> request/get CVS commit access yet?
Nope. The ssh part is easy enough but for the pgp part I currently dont
know what steps I would need to done.

>>>Perhaps we should include the relevant parts of build\..\make.msc in the
>>>cairo tree to avoid having GLib be a build dependency of cairo? 
>>A better solution may be to detect if the bigger environment is available
>>and fallback to a *no dependencies* cairo build? That approach was quite
>>simple to get working even with the ugly nmake syntax.
> What's the issue here? Is it that the current patch depends on glib
> just to borrow a piece of its build infrastructure? That's something I
> definitely don't want. What piece is it borrowing?
For Gtk+, Dia, The GIMP and some other projects the msvc build relies on
configuration *by hand*. You basically need one master makefile-include-file
which defines FOO_CFLAGS and FOO_LIBS matching your installation.
It is described in more detail in :
>>*checkout*/glib/README.win32 ?
> Yes, something along those lines would be quite useful. I wrote up
> something like that for the current auto* system before releasing 1.0:
> And I think a similar document is a requirement for any new build
> system to land in the tree.
Fair enough.

>>>+#  ifdef __GNUC__
>>> # warning "No mutex declarations, assuming single-threaded code"
>>>+#  else
>>>+#  pragma message("No mutex declarations, assuming single-threaded code")
>>>+#  endif
>>>The pragma here is as MSVC specific as #warning is GCC specific. So, it
>>>would be good to conditionalize it.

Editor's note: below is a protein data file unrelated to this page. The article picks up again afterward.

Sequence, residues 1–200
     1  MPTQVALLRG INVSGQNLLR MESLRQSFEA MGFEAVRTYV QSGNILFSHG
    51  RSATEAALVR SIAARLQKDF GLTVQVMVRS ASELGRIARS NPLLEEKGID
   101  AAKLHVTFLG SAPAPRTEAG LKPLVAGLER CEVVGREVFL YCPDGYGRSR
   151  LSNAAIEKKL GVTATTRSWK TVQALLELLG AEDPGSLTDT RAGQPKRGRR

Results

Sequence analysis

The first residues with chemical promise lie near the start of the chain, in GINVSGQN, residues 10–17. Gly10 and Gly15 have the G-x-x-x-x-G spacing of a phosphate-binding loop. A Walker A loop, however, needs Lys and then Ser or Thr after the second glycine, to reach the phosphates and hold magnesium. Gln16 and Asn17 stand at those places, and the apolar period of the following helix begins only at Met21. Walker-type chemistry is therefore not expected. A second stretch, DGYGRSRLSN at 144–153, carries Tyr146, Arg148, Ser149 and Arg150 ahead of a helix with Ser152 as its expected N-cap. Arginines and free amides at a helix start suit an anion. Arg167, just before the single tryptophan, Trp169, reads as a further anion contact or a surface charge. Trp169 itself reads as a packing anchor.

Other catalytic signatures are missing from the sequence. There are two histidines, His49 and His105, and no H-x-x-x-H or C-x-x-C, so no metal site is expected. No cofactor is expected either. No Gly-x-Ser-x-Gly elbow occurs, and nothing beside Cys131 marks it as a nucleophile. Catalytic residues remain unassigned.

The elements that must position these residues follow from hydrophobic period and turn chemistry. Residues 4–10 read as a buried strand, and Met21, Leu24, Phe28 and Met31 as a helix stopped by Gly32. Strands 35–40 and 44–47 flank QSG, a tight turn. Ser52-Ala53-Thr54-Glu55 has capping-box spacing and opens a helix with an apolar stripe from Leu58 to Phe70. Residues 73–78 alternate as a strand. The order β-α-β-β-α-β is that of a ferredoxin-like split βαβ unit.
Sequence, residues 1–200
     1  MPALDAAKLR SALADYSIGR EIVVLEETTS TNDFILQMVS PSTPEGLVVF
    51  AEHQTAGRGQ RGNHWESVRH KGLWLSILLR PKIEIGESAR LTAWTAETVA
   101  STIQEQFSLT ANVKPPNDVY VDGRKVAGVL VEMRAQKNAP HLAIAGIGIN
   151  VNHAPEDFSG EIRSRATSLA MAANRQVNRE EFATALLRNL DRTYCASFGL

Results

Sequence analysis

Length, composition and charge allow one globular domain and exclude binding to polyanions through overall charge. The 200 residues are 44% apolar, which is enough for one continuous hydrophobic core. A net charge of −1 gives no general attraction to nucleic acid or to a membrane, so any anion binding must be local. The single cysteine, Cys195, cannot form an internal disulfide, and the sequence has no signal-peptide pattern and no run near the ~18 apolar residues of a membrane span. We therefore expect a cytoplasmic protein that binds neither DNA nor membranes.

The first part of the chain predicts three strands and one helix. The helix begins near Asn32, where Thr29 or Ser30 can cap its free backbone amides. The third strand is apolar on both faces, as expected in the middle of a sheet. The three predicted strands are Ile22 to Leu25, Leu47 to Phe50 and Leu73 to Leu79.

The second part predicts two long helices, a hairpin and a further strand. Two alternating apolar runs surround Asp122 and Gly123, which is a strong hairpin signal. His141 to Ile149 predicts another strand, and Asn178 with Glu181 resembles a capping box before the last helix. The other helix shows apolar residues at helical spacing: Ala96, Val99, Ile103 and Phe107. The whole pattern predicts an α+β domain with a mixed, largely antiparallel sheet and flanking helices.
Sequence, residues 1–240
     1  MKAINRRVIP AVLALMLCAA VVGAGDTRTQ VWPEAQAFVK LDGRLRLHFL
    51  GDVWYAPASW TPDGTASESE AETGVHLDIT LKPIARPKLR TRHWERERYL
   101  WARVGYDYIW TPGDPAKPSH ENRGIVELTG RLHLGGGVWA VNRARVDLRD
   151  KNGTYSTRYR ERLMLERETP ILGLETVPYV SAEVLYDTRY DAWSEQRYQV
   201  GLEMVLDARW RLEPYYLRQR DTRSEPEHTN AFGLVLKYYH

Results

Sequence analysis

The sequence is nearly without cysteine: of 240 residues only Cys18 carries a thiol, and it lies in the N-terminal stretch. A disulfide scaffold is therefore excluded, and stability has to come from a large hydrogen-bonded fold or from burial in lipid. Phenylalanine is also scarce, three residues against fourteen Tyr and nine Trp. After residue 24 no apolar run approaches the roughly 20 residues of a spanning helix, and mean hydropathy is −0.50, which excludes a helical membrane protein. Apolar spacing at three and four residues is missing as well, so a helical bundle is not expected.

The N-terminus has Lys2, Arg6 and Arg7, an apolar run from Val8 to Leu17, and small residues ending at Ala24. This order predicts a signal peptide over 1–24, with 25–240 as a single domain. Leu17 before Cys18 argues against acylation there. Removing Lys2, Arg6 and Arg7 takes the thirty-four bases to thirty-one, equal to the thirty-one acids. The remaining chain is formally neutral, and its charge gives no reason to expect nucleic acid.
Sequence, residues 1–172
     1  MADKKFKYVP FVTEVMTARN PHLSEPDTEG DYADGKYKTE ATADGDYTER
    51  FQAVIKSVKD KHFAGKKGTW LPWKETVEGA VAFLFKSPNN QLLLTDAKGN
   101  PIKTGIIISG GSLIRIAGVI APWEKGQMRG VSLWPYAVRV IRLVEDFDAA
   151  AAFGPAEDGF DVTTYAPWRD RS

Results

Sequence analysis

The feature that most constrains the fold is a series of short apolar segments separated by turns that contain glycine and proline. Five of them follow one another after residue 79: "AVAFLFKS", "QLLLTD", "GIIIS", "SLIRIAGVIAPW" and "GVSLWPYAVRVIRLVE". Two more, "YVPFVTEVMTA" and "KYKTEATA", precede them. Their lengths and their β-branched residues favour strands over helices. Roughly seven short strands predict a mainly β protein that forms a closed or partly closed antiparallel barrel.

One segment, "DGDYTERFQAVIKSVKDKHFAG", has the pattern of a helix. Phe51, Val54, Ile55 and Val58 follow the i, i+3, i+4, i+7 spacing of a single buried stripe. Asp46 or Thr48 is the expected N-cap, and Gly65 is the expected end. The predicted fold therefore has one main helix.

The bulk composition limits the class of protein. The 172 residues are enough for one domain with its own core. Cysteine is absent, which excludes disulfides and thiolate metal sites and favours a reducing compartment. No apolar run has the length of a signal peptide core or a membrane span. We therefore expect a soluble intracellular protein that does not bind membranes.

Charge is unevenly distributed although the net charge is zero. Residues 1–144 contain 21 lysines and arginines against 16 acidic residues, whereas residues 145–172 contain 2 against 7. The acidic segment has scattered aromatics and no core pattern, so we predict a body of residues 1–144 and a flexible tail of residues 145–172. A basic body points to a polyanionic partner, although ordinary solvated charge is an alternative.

>>AFAIK unknown pragmas are supposed to be ignored (with warning).
>>#warning on the other hand gives a build error with msvc.
> Setting aside the poor portability of "#warning", I think that either
> version of the above should be considered a bug. Cairo really should
> be thread-safe. An obscure message scrolling by during compilation of
> cairo itself shouldn't be sufficient for building a non-thread-safe
> cairo.
>>>Long term, of course, what really
>>>needs to be done is implement locking for Win32.
>>That one depends on a backend constructor facility cause the synchronization
>>objects can not be initialized statically. Otherwise quite a simple
> And hopefully the initialization to make this complete isn't too hard
> either.

HANDLE hMutex = CreateMutex (NULL, FALSE, NULL);

WaitForSingleObject (hMutex, INFINITE);

ReleaseMutex (hMutex);

CriticalSection is a little more complex but the performance is better.

> Would it be possible to have CAIRO_MUTEX_DECLARE define a function
> that initialized the synchronization object on its first call and then
> make CAIRO_MUTEX_LOCK call into that function first? Is there some
> non-object based mutual-exclusion mechanism that could be used to do
> that without a race condition?
> A less desirable approach would be to put the call to the mutex
> initializing function at the beginning of the body of every public
> function. The problem would then be that we'd need a single list of
> all mutex objects in that function, so we'd need some way to make sure
> that list stayed consistent with all instances of
> And this wouldn't be any less racy, but could at least be documented
> that some public cairo function call must be called before starting up
> non-primary threads. (That's a pretty ugly interface, so hopefully we
> can avoid having to document it that way.)
On win32 there is DllMain() which could be used to intialize 'global'
synchronization objects in a thread safe manner. (It is guaranteed that
no other threads are started during DLL initialization).

If I understand you suggestion correctly something like

#define LOCK(hLock) do { if (!hLock) hLock = CreateMutex(...); \
			WaitForSingleObject(hLock,INFINITE); } while (0)
#define UNLOCK(hLock) ReleaseMutex(hLock)

would be possible - if one is willing to leak the synchronizaion objects.
Does not solve the intialization race though.


-------- Hans "at" Breuer "dot" Org -----------
Tell me what you need, and I'll tell you how to
get along without it.                -- Dilbert